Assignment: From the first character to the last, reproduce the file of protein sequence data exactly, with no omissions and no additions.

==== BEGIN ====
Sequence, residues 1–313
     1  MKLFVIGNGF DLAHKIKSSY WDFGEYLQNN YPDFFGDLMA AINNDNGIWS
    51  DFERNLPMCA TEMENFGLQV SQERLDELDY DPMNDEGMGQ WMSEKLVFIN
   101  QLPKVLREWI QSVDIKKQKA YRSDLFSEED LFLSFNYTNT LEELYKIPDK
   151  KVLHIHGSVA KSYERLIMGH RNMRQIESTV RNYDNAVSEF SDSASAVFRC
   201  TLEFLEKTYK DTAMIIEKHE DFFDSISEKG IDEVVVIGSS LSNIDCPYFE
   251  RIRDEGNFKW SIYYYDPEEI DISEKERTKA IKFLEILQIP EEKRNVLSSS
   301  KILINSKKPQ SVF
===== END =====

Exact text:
Sequence, residues 1–313
     1  MKLFVIGNGF DLAHKIKSSY WDFGEYLQNN YPDFFGDLMA AINNDNGIWS
    51  DFERNLPMCA TEMENFGLQV SQERLDELDY DPMNDEGMGQ WMSEKLVFIN
   101  QLPKVLREWI QSVDIKKQKA YRSDLFSEED LFLSFNYTNT LEELYKIPDK
   151  KVLHIHGSVA KSYERLIMGH RNMRQIESTV RNYDNAVSEF SDSASAVFRC
   201  TLEFLEKTYK DTAMIIEKHE DFFDSISEKG IDEVVVIGSS LSNIDCPYFE
   251  RIRDEGNFKW SIYYYDPEEI DISEKERTKA IKFLEILQIP EEKRNVLSSS
   301  KILINSKKPQ SVF